While I was in New Orleans, I went with Nick and his grandparents to look at a cemetery. Not in a creepy way or anything, but while here in Utah the graves stand up a little bit, modern cemeteries in Washington have tombstones that are flat to the ground (for the most part), and I wanted to see some that were a little fancier.
Nick’s grandmother often works as a tour guide in New Orleans, so she was able to tell me a lot about how graves like these work. It’s quite complex. Because the city is below water level, traditional graves did not work, so residents began creating above ground tombs.
Entire families may be entombed in each grave, however there are usually only one or two shelves. New caskets are put onto the shelves. When someone else dies, the casket (or the older of the two) is emptied into the base of the tomb. By this time the remains are usually very well deteriorated. The new casket is then placed on the shelf, and the grave is resealed.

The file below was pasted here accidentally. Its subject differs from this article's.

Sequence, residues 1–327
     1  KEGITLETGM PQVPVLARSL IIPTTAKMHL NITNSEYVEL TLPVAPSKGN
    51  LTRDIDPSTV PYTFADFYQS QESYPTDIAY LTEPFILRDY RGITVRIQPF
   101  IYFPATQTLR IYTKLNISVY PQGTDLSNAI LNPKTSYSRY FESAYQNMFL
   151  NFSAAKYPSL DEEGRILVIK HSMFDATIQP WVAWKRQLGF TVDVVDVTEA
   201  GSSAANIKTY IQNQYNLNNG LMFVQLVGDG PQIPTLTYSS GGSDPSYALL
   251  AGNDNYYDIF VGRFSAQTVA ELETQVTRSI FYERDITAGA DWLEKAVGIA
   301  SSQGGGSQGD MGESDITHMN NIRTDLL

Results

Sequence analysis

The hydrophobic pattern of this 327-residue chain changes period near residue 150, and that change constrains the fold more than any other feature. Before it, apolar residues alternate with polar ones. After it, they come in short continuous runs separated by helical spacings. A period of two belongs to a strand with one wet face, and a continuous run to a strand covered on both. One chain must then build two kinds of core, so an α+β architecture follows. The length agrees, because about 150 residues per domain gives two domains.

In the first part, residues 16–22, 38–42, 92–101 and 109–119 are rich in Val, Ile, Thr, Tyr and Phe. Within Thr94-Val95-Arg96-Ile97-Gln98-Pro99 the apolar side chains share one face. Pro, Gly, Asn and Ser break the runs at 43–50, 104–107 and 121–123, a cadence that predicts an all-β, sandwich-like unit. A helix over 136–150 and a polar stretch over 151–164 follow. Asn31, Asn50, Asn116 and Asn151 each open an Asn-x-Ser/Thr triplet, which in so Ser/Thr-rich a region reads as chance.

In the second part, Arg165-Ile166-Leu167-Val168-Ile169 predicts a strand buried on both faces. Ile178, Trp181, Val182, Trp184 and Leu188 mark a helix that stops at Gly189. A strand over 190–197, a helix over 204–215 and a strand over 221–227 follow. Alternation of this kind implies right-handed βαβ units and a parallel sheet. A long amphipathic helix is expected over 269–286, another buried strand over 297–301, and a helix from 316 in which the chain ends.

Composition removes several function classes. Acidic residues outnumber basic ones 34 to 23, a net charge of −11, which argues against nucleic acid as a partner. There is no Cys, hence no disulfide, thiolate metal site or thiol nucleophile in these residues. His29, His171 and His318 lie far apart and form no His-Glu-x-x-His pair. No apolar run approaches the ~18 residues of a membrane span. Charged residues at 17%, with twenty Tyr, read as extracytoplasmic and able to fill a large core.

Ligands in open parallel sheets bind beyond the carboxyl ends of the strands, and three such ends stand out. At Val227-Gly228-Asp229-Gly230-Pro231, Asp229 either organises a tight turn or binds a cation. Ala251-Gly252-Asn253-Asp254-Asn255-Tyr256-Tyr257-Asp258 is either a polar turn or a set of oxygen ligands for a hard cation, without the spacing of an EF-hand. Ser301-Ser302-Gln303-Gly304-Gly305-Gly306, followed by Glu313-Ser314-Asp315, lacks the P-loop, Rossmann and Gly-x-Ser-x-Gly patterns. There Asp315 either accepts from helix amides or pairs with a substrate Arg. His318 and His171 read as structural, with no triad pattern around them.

In some cases, people are entombed in walls along the edges of the cemetery. These are less expensive for those with less money, but they also serve as a holding area for caskets that cannot yet be placed in a family grave.
Because the stones literally create a brick oven, the tiles can become warped or broken. A good deal of money goes into the upkeep of a larger family tomb.
One really neat thing was that there were lots of French inscriptions, even for relatively newer inscriptions.